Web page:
Simple CLI tools to load a subset of Wikidata into Elasticsearch. Part of the Heritage Connector project.
There are a couple of reasons you may not want to do this when running searches programmatically:
- time constraints/large volumes: APIs are rate-limited, and you can only do one text search per SPARQL query
- better search: using Elasticsearch allows for more flexible and powerful text search capabilities.* We're using our own Elasticsearch instance to do nearest neighbour search on embeddings, too.
* CirrusSearch is a Wikidata extension that enables direct search on Wikidata using Elasticsearch, if you require powerful search and are happy with the rate limit.
pip install elastic_wikidata
pip install -e .
elastic-wikidata needs the Elasticsearch credentials
ELASTICSEARCH_PASSWORD to connect to your ES instance. You can set these in one of three ways:
- Using environment variables:
- Using config.ini: pass the
-cparameter followed by a path to an ini file containing your Elasticsearch credentials. Example here.
- Pass each variable in at runtime using options
Once installed the package is accessible through the keyword
ew. A call is structured as follows:
ew <task> <options>
Task is either:
A full list of options can be found with
ew --help, but the following are likely to be useful:
--index/-i: the index name to push to. If not specified at runtime, elastic-wikidata will prompt for it
--limit/-l: limit the number of records pushed into ES. You might want to use this for a small trial run before importing the whole thing.
--properties/-prop: a whitespace-separated list of properties to include in the ES index e.g. 'p31 p21', or the path to a text file containing newline-separated properties e.g. this one.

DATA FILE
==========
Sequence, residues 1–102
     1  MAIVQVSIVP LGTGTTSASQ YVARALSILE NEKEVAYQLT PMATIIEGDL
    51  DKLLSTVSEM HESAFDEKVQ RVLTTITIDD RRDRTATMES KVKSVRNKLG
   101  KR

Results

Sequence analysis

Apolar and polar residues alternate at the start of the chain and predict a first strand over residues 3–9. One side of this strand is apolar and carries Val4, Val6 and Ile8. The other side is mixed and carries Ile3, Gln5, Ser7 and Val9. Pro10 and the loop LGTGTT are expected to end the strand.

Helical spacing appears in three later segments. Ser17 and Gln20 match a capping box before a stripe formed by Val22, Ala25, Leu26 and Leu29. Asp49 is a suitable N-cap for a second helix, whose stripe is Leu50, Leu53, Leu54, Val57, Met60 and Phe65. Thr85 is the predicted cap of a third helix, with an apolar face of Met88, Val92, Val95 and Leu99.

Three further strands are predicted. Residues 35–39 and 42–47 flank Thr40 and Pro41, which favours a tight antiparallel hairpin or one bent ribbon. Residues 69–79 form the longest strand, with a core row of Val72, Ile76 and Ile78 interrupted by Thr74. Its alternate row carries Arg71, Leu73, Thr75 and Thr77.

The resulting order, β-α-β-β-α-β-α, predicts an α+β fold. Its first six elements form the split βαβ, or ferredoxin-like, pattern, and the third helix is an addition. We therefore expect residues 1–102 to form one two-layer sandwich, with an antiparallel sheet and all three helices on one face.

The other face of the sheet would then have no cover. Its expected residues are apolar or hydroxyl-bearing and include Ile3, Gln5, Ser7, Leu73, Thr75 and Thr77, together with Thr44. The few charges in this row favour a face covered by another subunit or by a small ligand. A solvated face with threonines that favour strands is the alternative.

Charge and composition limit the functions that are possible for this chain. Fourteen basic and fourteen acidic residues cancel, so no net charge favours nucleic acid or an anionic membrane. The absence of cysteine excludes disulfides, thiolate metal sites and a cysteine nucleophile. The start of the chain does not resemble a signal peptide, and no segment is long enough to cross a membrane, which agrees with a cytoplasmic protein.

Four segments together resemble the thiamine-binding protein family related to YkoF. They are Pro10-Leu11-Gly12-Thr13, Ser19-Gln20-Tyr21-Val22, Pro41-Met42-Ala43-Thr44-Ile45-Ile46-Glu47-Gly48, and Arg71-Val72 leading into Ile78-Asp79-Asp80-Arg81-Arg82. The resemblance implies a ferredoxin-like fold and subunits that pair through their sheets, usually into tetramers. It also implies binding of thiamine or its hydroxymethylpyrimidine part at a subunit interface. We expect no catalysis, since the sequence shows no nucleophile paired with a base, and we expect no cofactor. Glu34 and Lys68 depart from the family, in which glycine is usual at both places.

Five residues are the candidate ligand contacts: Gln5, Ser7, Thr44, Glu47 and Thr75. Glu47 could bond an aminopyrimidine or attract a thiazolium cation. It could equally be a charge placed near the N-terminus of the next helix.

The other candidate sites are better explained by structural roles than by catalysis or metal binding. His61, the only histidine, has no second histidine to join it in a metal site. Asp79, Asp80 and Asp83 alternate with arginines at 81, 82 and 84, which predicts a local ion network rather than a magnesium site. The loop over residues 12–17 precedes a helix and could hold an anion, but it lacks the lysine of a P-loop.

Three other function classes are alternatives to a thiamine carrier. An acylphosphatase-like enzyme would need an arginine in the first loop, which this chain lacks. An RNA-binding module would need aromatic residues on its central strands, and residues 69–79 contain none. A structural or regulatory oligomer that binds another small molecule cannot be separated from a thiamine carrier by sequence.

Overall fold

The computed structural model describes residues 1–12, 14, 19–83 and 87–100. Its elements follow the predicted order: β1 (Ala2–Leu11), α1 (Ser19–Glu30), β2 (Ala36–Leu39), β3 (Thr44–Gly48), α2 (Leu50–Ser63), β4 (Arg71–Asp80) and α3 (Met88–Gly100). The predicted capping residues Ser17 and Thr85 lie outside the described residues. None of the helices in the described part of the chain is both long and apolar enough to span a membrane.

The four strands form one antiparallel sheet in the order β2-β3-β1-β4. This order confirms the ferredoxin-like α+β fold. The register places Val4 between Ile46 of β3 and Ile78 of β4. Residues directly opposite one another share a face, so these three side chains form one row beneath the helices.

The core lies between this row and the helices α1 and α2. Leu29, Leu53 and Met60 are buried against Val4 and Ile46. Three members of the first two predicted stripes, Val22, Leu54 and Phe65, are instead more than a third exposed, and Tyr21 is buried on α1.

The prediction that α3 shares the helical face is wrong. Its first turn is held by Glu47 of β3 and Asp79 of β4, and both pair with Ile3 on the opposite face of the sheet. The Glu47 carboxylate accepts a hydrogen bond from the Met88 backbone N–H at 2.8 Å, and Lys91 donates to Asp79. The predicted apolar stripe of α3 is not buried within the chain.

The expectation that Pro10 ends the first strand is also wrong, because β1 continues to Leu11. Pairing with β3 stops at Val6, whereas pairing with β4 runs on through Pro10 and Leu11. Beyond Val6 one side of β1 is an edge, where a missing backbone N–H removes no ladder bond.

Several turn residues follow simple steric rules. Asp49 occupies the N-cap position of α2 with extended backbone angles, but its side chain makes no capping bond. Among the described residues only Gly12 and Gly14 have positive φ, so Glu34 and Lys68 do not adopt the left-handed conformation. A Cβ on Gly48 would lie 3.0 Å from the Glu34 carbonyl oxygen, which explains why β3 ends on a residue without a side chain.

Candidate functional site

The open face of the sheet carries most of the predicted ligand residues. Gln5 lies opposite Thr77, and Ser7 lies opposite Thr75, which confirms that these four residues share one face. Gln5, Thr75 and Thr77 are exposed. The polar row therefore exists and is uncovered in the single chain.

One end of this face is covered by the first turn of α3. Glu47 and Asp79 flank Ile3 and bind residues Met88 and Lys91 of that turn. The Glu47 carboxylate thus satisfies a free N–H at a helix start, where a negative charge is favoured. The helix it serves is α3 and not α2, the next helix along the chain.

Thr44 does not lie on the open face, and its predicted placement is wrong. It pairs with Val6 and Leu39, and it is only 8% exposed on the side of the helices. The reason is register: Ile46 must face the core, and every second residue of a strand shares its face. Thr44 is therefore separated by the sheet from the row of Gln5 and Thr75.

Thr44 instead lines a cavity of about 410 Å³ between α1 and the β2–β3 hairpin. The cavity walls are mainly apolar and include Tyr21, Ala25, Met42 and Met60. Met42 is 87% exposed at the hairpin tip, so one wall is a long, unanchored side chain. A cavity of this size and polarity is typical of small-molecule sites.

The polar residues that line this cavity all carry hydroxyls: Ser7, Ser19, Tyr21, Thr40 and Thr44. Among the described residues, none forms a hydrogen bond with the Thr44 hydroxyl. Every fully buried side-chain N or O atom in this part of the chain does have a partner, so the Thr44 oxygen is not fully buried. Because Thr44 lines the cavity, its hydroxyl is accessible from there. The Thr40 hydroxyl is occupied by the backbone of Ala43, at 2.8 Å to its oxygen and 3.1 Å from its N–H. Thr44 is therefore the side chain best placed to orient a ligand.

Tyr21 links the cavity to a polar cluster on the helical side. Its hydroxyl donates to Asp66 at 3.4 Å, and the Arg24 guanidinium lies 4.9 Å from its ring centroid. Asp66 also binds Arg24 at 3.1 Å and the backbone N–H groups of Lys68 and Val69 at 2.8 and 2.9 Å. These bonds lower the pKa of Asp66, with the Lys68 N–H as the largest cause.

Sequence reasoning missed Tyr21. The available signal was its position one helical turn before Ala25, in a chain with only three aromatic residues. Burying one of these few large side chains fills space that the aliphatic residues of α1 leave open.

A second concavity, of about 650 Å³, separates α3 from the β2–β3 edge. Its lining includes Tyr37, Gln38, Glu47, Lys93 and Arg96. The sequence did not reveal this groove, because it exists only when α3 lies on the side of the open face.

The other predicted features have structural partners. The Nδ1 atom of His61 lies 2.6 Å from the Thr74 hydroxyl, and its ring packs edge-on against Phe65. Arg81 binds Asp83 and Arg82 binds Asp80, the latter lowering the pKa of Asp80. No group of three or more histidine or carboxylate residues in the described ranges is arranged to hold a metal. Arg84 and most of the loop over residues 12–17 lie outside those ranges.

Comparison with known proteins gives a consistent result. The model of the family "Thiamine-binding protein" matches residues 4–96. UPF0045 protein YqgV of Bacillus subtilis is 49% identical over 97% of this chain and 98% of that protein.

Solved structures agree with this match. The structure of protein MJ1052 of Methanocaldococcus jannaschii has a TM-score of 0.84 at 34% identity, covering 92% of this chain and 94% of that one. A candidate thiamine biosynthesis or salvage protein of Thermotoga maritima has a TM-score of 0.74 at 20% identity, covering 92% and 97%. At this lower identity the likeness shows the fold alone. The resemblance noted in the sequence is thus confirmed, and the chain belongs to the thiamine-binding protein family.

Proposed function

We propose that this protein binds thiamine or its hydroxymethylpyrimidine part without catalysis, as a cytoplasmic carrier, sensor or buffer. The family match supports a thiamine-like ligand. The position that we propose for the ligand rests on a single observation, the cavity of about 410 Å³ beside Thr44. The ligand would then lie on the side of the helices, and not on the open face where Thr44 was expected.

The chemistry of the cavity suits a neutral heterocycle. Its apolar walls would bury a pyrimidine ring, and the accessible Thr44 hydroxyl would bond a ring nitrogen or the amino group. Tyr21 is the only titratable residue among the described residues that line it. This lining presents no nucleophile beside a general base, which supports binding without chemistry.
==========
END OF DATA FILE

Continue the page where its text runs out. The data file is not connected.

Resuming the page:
--language/-lang: Wikimedia language code. Only one supported at this time.
Loading from Wikidata dump (.ndjson)
ew dump -p <path_to_json> <other_options>
This is useful if you want to create one or more large subsets of Wikidata in different Elasticsearch indexes (millions of entities).
Time estimate: Loading all ~8million humans into an AWS Elasticsearch index took me about 20 minutes. Creating the humans subset using
wikibase-dump-filter took about 3 hours using its instructions for parallelising.
- Download the complete Wikidata dump (latest-all.json.gz from here). This is a large file: 87GB on 07/2020.
- Use maxlath's wikibase-dump-filter to create a subset of the Wikidata dump. Note: don't use the
--simplifyflag when running the dump. elastic-wikidata will take care of simplification.
ew dumpwith flag
-ppointing to the JSON subset. You might want to test it with a limit (using the
Loading from SPARQL query
ew query -p <path_to_sparql_query> <other_options>
For smaller collections of Wikidata entities it might be easier to populate an Elasticsearch index directly from a SPARQL query rather than downloading the whole Wikidata dump to take a subset.
ew query automatically paginates SPARQL queries so that a heavy query like 'return all the humans' doesn't result in a timeout error.
Time estimate: Loading 10,000 entities into Wikidata into an AWS hosted Elasticsearch index took me about 6 minutes.
- Write a SPARQL query and save it to a text/.rq file. See example.
ew querywith the
-poption pointing to the file containing the SPARQL query. Optionally add a
--page_sizefor the SPARQL query.
Temporary side effects
As of version 0.3.1 refreshing the search index is disabled for the duration of load by default, as recommended by ElasticSearch. Refresh is re-enabled to the default interval of
1s after load is complete. To disable this behaviour use the flag